The smug default in British public life is to disavow both sides, for sides are extremes, and what reasonable person would want to end up there? When public disorder during lockdown arises from good causes, such as Black Lives Matter (BLM) protesters, and from bad ones, such as the antics of far-right thugs, the liberal knows the course to take. A reasonable person can inveigh against both a plainly bad thing as well as a plainly good thing that has let itself down, and to do so reminds this individual of how open-minded they are. But there aren’t two sides. There is only one. And it’s winning.
The only “side” in the culture war is the new left because its strategy is one of permanent offensive. The progressive left sets the legitimate range of discussion and polices it. All resistance is reactive or defeatist. Progressive opinion has thus been winning since 1990.
Take the roiling absurdity outside America since the death of George Floyd. What does the death of a foreigner killed by a foreign policeman in a foreign land say about the state of Britain? The facts of the Home Office’s homicide index are clear enough. Between April 2016 and March 2019, 500 whites, 45 blacks and 38 others were convicted in England and Wales of murdering 583 white victims.
The idea that there is a racial tsunami of murder in this country is monstrous. We are being asked to fight against a fantasy
Over the same period, 81 blacks, 11 whites and nine others were convicted of murdering 101 black victims. Roughly 3 per cent of Britons are black. The idea that there is a racial tsunami of murder in this country is monstrous, let alone — “hands up! don’t shoot!” — one waged by our unarmed police. We are being asked to fight against a fantasy.
We will, if we remember it at all, cringe with embarrassment at the war on statues. But even this risible squall reveals something important: no one will say the truth to the one side that is waging the culture war. We were supposed to seriously believe that public art was doing intolerable psychic damage to passers-by. Untold generations before coped, but this one could not. This was and is untrue. The statues harmed no one and could harm no one. We owe it to people being driven half out of their minds to insist on reality. Pretending otherwise does not comfort them, it validates their nightmares.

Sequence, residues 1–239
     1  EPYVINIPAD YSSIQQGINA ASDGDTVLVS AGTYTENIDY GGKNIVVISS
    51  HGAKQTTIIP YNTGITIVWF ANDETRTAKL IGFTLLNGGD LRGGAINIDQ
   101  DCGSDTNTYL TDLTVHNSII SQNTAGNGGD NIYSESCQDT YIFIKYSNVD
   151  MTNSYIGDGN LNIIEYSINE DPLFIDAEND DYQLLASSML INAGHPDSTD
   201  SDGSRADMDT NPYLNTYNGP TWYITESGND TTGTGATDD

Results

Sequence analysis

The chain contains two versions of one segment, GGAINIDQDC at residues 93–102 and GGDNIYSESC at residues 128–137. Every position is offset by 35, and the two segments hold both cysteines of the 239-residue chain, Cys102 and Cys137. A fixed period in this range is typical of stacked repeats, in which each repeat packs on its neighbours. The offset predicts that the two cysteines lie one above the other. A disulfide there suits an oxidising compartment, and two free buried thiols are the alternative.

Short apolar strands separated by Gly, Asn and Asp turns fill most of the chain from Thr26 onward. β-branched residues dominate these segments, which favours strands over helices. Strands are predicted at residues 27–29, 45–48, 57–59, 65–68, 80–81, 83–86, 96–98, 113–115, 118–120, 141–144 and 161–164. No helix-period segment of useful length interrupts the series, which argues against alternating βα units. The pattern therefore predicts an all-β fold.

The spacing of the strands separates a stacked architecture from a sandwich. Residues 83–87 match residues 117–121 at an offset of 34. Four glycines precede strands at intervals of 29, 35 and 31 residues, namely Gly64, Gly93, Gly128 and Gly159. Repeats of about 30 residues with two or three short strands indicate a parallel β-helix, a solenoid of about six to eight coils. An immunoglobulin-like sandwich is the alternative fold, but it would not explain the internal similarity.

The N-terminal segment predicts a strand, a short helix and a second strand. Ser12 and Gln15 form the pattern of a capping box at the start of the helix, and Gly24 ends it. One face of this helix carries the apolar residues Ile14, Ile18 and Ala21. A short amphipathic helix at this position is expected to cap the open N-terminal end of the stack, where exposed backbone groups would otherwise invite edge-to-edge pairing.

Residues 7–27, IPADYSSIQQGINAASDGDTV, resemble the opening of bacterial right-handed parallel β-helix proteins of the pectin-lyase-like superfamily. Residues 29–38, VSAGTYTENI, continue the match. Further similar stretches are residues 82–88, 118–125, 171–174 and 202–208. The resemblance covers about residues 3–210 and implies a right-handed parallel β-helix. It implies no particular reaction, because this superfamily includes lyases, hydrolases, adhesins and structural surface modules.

Foolish old white men like Simon Schama embody the smug reasonable disposition. His brainwave was that all statues should come down and be safely contained instead in museums. Parody dies at this point. However, we need to remember that the issue is not why the frightening statues went up or stayed up, but why people demanded they come down. Some of it was the theatre of physical power. Most of it, however, was faith. This point needs to be returned to, time and again. For the people who would pull statues down in accordance with their beliefs have an unshakeable faith, whereas all too few of the statues’ would-be defenders possess any of their own.
Too much of the right fails to stand up for what it privately believes in. This is not a problem from which the left suffers. Too many right-wing politicians are demonstrably content to occupy office even if all that this means is carrying out the agenda of the left. Which brings us to Boris Johnson, culture warrior. He’s smeared as such by the left for anodyne efforts such as calling for a “cross-governmental commission to look at all aspects of inequality” while defending a statue of Churchill.
This would be by some estimates the seventh such commission this century. There is, as yet, only one statue of Churchill to defend in Parliament Square, but who knows, perhaps by the end of Mr Johnson’s time in Number 10 there’ll be as many Churchill statues as there are inequality commissions.
We’re called The Critic in part because we believe in high critical standards as an end in themselves. We think of them as being something honest, rather than just the freighted consequences of a power structure. This is why you often read left-wing voices in these pages: the only thing we privilege is the quality of their writing. But that’s also why we criticise the right, for its absolute failure on its own terms. The failure starts with the right’s inability even to use its own terms to define reality. Every polite failure to contradict “mansplaining”, “whitesplaining”, “straightsplaining” or “cisplaining” surrenders the field before battle is joined.
Doubtless we should deprecate the campaigners of the left for their preachy personas and their doctrinal solidarity, but we should be modest enough to acknowledge what they have achieved. In response to the magical thinking that pulling down statues would change anything other than planning laws, what did the prime minister say? “Why not add,” to the Foreign Office’s central courtyard, “[statues] of the men and women — most often BAME — who helped to make our modern Commonwealth?”
Why indeed? What is so objectionable about this patronising tokenism? What assumptions does it take at face value, and however much it sneers in private, defer to in public, as part of public policy? It is no good right-wing cynics dismissing the progressive left’s mission as a “new secular religion” unless those on the right are firm in their own basic creed. The only dog in this fight will win it.
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